Both the audience camera and the dedicated casting laptop HDMI output were received by two Elgato HD60S and HD60 USB capture cards that recorded the respective video feeds. These HDMI captures cards are amazing for how small and compact they are; they’re powered by USB (HD60 is 2.0, HD60S is 3.1), and the form factor is about as thick as an Apple Magic Mouse.
These capture cards are natively supported by OBS as a “Video Capture” source on Windows, however if you want to use them on macOS/OS X you’ll need to use a “Window Capture” source and capture the Game Capture HD software window. There’s a performance hit in doing so, however if you need it in a pinch it might work for you.
Both of these capture cards receive audio through the HDMI feed, however we opted to configure them to receive audio on the analog 3.5mm TRS port on each card so we could also receive the microphone/stage audio on one, and DJ music on the other. This also meant we could monitor and receive & record audio on separate tracks, which was one of our goals.
I wasn’t able to get a third capture card in the mix due to budget constraints (I had no budget 😂), so we didn’t get a separate stage camera feed. This is why the scene changes between audience and stage are just me panning the audience camera to the left. Maybe next year!
Broadcasting to Twitch with OBS
After not touching it for a few months, I had to re-learn how to use OBS. OBS, or Open Broadcasting Software, is an open source cross-platform application that allows you to broadcast content to a provider on the internet (ie: Youtube, Facebook Live, Twitch.tv, etc).
In OBS, input content is configured as “sources” and added to “scenes” on a canvas, similar to how you would manipulate objects in photo editing software. Once you have scenes set up, you can transition between them while streaming. You can even record to your local disk while also streaming. This is a huge deal when you want to record your content and edit it later without having to download it from where you streamed it to (if that is even an option).
Our plan was to have a few scenes highlighting various video feeds: the casters, the tournament game board, and the audience reaction cam. What I eventually decided to go with were some very simple scenes containing:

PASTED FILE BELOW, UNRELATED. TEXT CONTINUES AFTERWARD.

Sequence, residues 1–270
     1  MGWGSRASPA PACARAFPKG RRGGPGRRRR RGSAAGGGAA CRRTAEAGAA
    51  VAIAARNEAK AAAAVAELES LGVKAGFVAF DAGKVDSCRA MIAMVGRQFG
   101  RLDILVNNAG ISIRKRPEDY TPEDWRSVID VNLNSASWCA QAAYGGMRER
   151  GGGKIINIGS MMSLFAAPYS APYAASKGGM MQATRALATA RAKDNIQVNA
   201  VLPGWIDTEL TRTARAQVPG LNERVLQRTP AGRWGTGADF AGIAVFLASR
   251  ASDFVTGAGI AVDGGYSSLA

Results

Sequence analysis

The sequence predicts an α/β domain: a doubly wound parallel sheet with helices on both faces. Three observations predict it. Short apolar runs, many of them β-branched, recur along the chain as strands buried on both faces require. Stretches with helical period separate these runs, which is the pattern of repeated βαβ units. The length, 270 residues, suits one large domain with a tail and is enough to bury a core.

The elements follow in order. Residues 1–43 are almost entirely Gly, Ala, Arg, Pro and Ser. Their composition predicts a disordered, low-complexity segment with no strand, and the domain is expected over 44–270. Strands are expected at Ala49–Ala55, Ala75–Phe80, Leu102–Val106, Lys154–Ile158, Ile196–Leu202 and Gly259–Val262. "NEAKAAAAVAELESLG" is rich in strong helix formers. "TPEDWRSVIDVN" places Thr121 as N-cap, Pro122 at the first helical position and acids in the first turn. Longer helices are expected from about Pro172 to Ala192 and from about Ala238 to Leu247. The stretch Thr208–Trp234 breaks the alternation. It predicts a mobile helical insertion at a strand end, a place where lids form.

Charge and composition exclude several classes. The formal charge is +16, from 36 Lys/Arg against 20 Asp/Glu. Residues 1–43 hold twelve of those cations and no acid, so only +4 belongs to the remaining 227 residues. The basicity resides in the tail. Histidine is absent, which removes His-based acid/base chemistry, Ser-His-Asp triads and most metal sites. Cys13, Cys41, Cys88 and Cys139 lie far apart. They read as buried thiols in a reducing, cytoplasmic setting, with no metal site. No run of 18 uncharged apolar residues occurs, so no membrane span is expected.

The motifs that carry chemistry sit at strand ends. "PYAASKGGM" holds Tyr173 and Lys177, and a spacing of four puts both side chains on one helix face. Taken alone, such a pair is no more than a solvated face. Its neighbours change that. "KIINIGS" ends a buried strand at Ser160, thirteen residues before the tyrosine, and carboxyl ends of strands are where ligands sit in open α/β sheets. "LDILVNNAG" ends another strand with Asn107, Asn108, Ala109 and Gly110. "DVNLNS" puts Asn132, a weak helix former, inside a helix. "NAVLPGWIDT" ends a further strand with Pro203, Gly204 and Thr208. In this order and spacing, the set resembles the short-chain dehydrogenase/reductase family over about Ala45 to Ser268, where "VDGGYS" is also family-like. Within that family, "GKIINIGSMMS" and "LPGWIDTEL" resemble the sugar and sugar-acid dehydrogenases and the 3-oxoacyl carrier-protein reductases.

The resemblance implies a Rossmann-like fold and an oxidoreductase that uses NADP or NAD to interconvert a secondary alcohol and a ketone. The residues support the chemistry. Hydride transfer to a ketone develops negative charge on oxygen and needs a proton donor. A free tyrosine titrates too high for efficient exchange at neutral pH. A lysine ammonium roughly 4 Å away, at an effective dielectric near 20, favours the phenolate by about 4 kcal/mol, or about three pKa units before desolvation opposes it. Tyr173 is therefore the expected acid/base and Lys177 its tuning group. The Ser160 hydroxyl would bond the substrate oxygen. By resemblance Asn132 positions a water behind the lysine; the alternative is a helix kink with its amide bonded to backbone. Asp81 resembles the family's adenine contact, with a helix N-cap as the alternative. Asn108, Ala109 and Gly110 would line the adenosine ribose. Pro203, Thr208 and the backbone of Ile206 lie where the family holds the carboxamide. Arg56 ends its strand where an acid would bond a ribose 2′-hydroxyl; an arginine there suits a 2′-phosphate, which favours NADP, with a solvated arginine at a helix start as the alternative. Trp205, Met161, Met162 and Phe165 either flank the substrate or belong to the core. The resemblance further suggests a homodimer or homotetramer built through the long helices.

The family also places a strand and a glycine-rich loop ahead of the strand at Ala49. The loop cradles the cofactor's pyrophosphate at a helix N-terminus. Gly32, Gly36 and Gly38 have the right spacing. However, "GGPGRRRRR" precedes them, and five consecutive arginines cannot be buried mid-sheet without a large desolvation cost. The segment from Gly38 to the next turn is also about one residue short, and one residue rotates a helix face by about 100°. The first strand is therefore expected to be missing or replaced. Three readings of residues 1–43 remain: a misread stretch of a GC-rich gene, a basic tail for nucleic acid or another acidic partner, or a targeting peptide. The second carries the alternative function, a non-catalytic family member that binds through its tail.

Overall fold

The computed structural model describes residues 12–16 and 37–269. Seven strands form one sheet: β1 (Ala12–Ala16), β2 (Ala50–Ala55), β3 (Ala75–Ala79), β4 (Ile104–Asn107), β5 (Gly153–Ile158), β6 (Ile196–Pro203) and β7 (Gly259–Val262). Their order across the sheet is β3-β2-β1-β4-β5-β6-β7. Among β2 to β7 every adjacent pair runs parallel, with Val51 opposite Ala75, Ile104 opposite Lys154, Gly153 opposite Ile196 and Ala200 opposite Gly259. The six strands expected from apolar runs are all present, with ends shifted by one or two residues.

- A version of the Battlesnake logo with “Stream starting soon” text on it
- All sponsor logos and their level of sponsorship
- The “main” scene which included the tournament game board, audience cam, and casters on one screen
- Supplementary scenes that provided a larger view of the tournament game board, the casters, and the audience cam
In the end, here’s how how everything was wired up:
One piece of the puzzle that I left out of this diagram is a second laptop to monitor Twitch chat. The stream audience was very friendly and supportive of the competitors and casters throughout the entire stream.
You can view the final cut of the live-stream here on our Twitch channel:
The stream went for a solid 3 hours and 45 minutes, peaking at 145 simultaneous viewers with over 980 unique views throughout the tournament. We were very happy with these results!
It received over 1,700 total views and generated some buzz in the chat with 44 unique chatters, some of which had never heard of Battlesnake but stuck around to watch anyway. There were even people that arrived in the chat in search of “competitive Snake”, unbeknownst that Battlesnake existed until their arrival to the stream!
There are a few things I’d do differently next time:
- Run a test stream ahead of time to ensure audio-drift isn’t an issue with recording audio and video on separate channels
- Have more knowledge, people, and equipment, at my disposal to provide a more quality stream (this is a goal every year basically)
- Actually have a budget so we can fulfill the previous points
In all, the experience of running the live-stream was an amazing one and I would gladly host it again. I have even bigger ambitions for next year… but I’ll save that for another time. 😉
Want to know more about Battlesnake?